Michael Jackson was an iconic singer, dancer, songwriter, producer, philanthropist and intensely complex (and controversial) figure who transformed pop culture in the second half of the 20th century. He began his career at the age of 6, died at the age of 50 and left behind an enduring legacy of immense innovation.
No single musical biography can possibly capture the enduring allure of his work and the tragic complexity of his life. But “MJ: The Musical,” the Tony Award-winning show that opened on Broadway in February 2022 (where it is still running) and made its first stop on a national tour Wednesday evening at Chicago’s beautiful Nederlander Theatre, does an exceptional job of capturing both aspects. And a superb cast — led by Roman Banks, whose uncannily brilliant portrayal of every aspect of MJ might best be described as a remarkable reincarnation rather than a simple portrayal of Jackson — is key to its impact. So is the remarkable performance of the young “Little Michael” as played by the clarion-voiced 12-year-old Josiah Benson.
Of course there also is the remarkable direction and choreography of Christopher Wheeldon (the ballet-bred Brit whose work is familiar to Chicago audiences by way of the Joffrey Ballet’s innovative “Nutcracker,” and whose Broadway production of “An American in Paris” garnered several Tony Awards). The show is driven by a multifaceted book by the outstanding Pulitzer Prize-winning playwright Lynn Nottage, who focuses largely on the development of MJ’s creative life and those who influenced him (from Quincy Jones to Bob Fosse, Fred Astaire and the Nicholas Brothers). It also captures his deeply troubled relationship with his abusive father, his original career as the youngest and most talented member of the Jackson Five and the serious accident to his head that occurred during the filming of a Pepsi commercial and that may well have been the trigger to his use of powerful drugs. In addition, periodically framing the story is the arrival of a journalist and her cameraman who struggle to interview MJ before he sets out on the Dangerous Tour. The troubling elements of his later years are not part of the story.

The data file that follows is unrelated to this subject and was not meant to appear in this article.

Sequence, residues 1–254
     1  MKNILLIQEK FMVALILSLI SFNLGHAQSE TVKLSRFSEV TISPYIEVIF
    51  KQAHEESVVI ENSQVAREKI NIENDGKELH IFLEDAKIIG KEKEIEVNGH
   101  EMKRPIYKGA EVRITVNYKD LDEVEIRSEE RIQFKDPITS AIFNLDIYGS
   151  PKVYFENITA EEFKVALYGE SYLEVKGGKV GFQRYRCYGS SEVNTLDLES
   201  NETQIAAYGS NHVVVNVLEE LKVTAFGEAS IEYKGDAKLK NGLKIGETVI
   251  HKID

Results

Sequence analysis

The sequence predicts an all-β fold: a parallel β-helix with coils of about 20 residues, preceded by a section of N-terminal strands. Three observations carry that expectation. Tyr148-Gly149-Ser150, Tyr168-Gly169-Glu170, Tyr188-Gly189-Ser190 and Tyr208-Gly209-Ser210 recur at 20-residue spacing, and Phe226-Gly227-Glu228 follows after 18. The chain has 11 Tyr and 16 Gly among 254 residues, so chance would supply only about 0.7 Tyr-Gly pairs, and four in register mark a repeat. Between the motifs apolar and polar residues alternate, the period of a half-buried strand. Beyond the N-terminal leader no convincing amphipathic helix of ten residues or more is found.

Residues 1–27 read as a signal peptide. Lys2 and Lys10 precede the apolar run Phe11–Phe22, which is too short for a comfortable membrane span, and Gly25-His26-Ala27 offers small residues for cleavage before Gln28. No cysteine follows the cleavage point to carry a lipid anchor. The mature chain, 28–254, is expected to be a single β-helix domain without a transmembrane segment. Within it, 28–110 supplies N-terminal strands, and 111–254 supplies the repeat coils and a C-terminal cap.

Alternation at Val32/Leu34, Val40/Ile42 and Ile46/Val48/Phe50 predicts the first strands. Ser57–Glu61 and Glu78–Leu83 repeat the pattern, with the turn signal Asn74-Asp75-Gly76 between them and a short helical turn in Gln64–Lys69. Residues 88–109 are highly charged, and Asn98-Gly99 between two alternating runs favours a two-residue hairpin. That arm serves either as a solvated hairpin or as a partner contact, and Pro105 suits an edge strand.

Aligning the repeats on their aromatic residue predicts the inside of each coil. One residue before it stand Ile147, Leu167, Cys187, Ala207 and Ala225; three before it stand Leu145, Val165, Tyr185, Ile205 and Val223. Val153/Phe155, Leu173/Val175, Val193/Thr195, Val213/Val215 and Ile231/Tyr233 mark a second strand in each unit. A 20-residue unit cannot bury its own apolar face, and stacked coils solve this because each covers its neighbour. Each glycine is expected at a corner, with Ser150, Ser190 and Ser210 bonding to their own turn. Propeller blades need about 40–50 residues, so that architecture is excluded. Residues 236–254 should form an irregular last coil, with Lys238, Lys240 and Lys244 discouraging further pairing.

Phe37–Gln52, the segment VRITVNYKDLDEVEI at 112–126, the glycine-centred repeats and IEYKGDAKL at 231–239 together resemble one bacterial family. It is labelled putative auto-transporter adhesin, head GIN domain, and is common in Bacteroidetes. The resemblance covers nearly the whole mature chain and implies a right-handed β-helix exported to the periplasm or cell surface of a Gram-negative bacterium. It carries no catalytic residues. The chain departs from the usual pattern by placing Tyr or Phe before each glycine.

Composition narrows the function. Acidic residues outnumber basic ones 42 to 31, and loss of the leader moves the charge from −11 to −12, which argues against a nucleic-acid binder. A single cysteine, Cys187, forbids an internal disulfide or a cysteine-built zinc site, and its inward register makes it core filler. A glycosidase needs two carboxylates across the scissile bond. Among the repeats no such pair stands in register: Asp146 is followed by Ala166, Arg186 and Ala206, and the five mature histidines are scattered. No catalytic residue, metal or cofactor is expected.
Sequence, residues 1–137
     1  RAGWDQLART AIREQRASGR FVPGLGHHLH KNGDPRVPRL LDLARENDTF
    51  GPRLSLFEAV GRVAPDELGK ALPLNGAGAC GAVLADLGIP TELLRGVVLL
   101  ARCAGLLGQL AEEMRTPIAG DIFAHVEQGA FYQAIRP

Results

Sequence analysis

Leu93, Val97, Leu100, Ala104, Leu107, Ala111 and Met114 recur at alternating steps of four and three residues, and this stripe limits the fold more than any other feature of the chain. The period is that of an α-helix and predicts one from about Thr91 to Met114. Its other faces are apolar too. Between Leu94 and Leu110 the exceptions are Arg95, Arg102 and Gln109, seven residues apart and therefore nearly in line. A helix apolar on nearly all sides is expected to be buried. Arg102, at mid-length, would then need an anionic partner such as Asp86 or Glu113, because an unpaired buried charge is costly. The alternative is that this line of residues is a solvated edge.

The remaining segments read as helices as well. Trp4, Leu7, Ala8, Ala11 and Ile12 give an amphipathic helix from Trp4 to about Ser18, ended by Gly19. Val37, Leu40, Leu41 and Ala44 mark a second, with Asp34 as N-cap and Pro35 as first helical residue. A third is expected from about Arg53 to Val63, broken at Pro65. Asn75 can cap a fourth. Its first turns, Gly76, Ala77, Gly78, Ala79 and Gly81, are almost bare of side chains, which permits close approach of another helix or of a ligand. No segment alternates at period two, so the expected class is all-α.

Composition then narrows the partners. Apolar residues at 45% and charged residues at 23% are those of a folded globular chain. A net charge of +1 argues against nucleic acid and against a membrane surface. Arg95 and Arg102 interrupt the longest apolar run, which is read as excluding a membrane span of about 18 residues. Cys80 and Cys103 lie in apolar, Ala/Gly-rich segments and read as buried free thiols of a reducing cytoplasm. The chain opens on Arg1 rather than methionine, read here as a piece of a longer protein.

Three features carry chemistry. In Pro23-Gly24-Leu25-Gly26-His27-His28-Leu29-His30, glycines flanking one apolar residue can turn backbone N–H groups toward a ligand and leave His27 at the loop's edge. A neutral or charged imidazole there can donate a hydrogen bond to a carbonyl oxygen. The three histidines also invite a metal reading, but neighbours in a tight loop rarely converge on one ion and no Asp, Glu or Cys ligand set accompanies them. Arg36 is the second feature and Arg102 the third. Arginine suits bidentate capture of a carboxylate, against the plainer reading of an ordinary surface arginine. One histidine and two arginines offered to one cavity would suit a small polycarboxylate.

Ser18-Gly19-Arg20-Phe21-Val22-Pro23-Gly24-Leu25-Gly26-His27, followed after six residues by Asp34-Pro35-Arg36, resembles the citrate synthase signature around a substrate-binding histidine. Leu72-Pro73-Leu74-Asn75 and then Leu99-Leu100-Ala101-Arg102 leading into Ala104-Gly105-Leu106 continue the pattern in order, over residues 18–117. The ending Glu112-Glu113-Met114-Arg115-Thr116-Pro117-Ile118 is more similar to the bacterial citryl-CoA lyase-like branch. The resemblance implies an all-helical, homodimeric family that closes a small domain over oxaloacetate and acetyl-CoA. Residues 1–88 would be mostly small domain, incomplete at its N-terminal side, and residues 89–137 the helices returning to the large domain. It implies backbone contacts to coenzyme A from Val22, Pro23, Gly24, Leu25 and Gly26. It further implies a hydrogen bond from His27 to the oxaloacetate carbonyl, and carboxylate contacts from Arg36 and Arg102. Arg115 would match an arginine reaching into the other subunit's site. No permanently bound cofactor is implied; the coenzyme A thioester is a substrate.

Adding to the show’s intensity — and its inclusion of the nearly two dozen classics that were part of MJ’s repertoire over the years — is the dynamic orchestration by David Holcenberg and the exceptional orchestra led by music director Victor Simonson. In addition, there is an elaborate set by Derek McLane, sophisticated projection design by Peter Nigrini, lighting by Natasha Katz and costumes by Paul Tazewell patterned on MJ’s decorative jackets, iconic hats and black-and-white rehearsal outfits. (If there is one flaw in this production it is the periodic loss of clear sound for both the dialogue and song lyrics.)
Framed by MJ’s preparation for his monumental Dangerous World Tour that played to 3.5 million people on four continents in 1992 and 1993, the show captures the crucial period beyond his moonwalk and robot innovations during which he dove far deeper into his search for a more profound key to his songwriting, and more. As he explains: “I’m starting with the man in the mirror.”
The large supporting cast in this show is first rate. But the man you will be watching for more than two hours in this immensely demanding production will be Banks. And you will have absolutely no doubt that this “man in the mirror” is the real Michael Jackson.
“MJ: The Musical” runs through Sept. 2 at the Nederlander Theatre, 24 W. Randolph St. For tickets, visit broadwayinchicago.com.
Follow Hedy Weiss on Twitter: @HedyWeissCritic